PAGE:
Therefore in God’s scheme of reckoning time, approximately only 1.974 days have elapsed since The Resurrection.
      I’m certain that not all believers agree with me on this issue, but if you don’t, I would like to read your refutation of it.

    • C Michael Patton

      Joe, good comments, but that would take us in a different direction! 🙂

    • […] Michael Patton gives a comprehensive answer to the question, “What happened to the twelve apostles?” “They died because they proclaimed to have seen Christ die and then to have seen Him alive. […]

    • Paul

      1. You would have to conclude that they died for a lie and knew it (unsustainable do to lack of any motive).
      2. They were all delusional and crazy (but this would take more faith than any option since you would have to explain how they all had the same delusion and craziness, many being at different places and different times).
      3. What they said was true. Christ did rise from the grave and is who He said He was. Â


      4. None of this ever happened and it was all made up after the fact.

      I vote 4.

    • Glenn Shrom

      I have been discussing this with Paul Tobin, who has a website with information relevant to the martyrdom of the disciples. (“Rejection of Pascal’s Wager”)

      He says that the most reliable accounts of the disciples’ deaths (Peter and James?) involve charges of arson, which even if the disciples denied the charges, they were found guilty anyway, and were executed.

      What are the ratings on the accounts that say the disciples were executed for crimes against the state, instead of for their testimony about Christ, and instead of for their profession as followers of Christ?

    • Ryan

      Man, this is excellent work. May God bless you for putting together not just a good compilation of the facts, but with an unbiased view, as well. I thoroughly enjoyed it and I hope that you will continue to release more scholarly writings like this!

      Also, your response to objections was not just welcome, but embellished! I’m no authority on biblical history, but from my humble view, awesome job.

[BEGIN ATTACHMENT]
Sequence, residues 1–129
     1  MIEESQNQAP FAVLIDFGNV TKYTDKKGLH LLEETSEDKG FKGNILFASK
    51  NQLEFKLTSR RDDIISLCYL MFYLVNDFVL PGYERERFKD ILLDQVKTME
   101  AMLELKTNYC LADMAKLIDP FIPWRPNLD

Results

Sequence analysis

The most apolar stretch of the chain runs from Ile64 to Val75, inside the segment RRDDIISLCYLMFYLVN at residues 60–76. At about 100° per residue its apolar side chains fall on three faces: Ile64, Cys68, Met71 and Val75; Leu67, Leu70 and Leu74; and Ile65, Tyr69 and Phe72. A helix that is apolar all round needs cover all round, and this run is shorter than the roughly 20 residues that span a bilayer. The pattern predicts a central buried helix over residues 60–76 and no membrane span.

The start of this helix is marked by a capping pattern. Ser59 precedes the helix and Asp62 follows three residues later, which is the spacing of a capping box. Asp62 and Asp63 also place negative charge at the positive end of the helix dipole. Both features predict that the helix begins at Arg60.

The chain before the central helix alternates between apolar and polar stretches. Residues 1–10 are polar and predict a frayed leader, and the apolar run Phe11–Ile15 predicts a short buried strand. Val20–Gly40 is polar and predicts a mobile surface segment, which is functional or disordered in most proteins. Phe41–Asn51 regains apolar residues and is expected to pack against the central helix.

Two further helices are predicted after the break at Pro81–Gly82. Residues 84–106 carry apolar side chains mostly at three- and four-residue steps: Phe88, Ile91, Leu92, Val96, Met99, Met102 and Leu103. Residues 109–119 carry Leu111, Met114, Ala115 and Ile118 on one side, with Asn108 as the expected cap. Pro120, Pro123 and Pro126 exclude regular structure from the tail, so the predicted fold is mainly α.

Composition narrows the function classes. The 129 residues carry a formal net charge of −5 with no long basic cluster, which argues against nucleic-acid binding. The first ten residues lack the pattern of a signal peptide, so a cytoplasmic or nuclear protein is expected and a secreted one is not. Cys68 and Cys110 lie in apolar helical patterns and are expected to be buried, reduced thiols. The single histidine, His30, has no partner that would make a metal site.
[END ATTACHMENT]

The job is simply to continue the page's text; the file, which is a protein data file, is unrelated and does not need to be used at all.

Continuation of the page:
• C Michael Patton

      Thanks Ryan!

    • Gina

      The problem with these logical arguments is that there’s at least a 4th option: They all did believe what they saw, but they were all duped by a third party. Which I know is just as ridiculous – since you’d have to prove who is this third party and how were they able to execute such duplicity and with what realistic motive to boot in those times. I’m just putting that out there, since there’s always a force to challenge every part of the redemption plan.

    • jacques naude

      Hi there,

      I was just wondering if it would be ok to copy your work and put it in a little booklet that me and my girlfriend are doing to evangelise france. I originally come from South Africa but am playing rugby in france and am absolutely shocked at how few people know god in europe and the fact that they actually mock him daily. Thank you so much for your work, you are playing a direct role in the great mission!

      god bless,


    • Ed Kratz

      You bet you can. Thanks for asking.

    • Martha Maxwell

      You have to have spent much time researching the Apostles, and for me, it is much appreciated. I had wanted to know everything I could learn.
      Now, may I ask, do you also know what happened to Silas and Barnabas, and Timothy? I thank you so very much.

    • Emon

      Thanx a lot and God bless you.

    • Bobby Riccolsson

      I’m writing a paper for my theology class on this. Anyone have any sources I could cite? Where’s the best place to get first-hand accounts of these occurrences?

    • […] tells us that all the Apostles (except John) died a martyr’s death. The traditions for the death of James, Peter, and Paul are almost beyond debate. The stolen body […]